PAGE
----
Sleep-Deprived New Moms May Pose a Danger Behind the Wheel

Filed under: Expert Advice: Pregnancy, Research Reveals: Babies, In The News, Expert Advice: Toddlers & Preschoolers, Nutrition: Toddlers & Preschoolers, Day Care & Education, Research Reveals: Toddlers & Preschoolers, Gear Guides: Toddlers & Preschoolers, Gear Guides: Babies, Activities: Toddlers & Preschoolers, Behavior: Toddlers & Preschoolers, Development: Toddlers & Preschoolers, Health & Safety: Toddlers & Preschoolers, Expert Advice: Babies, Health & Safety: Babies, Development/Milestones: Babies, Baby-sitting, Feeding & Sleeping, Toddlers Preschoolers

Many mothers of newborns feel like they're living in a "mental haze," study shows. Credit: ThiagoMartins, Flickr

Driving while overtired can be just as dangerous as driving drunk, Australian researchers warn new mothers.

A study released last week of mothers of newborns reveals that many felt as though they were living in a "mental haze," according to an article in Australia's Whitsunday Times.

The Queensland University of Technology study was looking at the impact of postpartum fatigue on the everyday functioning of new mothers.

The study found lifestyle changes, interrupted sleep, lack of routine and high levels of unpredictability led to fatigue, which could at times be overwhelming, the newspaper reports.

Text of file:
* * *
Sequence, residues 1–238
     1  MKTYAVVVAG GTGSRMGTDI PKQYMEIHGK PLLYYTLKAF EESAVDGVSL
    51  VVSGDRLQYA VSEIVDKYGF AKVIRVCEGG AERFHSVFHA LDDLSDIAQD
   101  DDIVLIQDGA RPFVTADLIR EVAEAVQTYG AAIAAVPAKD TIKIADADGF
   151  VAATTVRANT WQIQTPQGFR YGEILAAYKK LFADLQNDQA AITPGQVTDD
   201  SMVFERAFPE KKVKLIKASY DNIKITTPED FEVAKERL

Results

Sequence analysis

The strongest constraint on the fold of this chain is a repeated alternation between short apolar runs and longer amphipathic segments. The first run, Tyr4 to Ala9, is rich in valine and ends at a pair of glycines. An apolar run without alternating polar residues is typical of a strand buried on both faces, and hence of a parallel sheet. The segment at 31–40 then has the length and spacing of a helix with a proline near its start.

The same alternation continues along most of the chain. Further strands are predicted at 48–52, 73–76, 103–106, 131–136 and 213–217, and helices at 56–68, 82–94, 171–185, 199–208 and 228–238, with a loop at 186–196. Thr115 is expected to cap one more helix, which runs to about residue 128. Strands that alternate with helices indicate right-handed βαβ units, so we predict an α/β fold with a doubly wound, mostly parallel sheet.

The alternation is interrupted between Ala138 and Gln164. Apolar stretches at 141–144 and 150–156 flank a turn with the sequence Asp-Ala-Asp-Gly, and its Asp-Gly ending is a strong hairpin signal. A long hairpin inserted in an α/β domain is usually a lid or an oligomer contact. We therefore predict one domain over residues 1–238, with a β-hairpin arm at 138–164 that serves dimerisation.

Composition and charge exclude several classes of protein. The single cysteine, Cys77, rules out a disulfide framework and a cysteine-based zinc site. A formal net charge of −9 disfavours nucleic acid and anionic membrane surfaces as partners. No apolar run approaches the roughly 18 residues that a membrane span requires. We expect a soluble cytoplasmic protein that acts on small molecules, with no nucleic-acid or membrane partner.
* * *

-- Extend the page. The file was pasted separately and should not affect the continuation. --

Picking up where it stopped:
"To put the danger of fatigue into some sort of perspective -- if someone is awake for 17 hours they have a driving performance similar to that of a person with a blood alcohol level of 0.05 percent," Dr. Kerry Armstrong tells the paper.
"And if they have been awake for 24 hours it is 0.1 percent, or two times the legal driving limit."
Alarmingly, most of the 24 mothers in the study reported having recent "near misses" on the road, Armstrong says.

The study also contradicted earlier studies that claimed postpartum fatigue usually subsides after six weeks. Armstrong's study indicates the tiredness can last up to 12 weeks.

Have you ever driven in a "mental haze?"

Related: Sleep Difficulties - What Causes Fatigue: Chronic Fatigue
AOL Answers is no longer available
AOL Answers is closed

AOL Answers is no longer available.

As AOL continues to grow and evolve we are taking necessary actions to ensure our efforts and resources are
focused on the areas where we can create the maximum amount of value for our loyal consumer base. As a result
we have decided to sunset AOL Answers. Thank you for your participation in this site. If you have an AOL-related
question (passwords, account information, etc.), please visit our AOL Help site at help.aol.com.

ReaderComments (Page 1 of 1)

FollowUs

Flickr RSS

TheTalkies

AskAdviceMama

AdviceMama Says:
Start by teaching him that it is safe to do so.
AOL Answers is no longer available
AOL Answers is closed

AOL Answers is no longer available.

As AOL continues to grow and evolve we are taking necessary actions to ensure our efforts and resources are
focused on the areas where we can create the maximum amount of value for our loyal consumer base. As a result
we have decided to sunset AOL Answers. Thank you for your participation in this site. If you have an AOL-related
question (passwords, account information, etc.), please visit our AOL Help site at help.aol.com.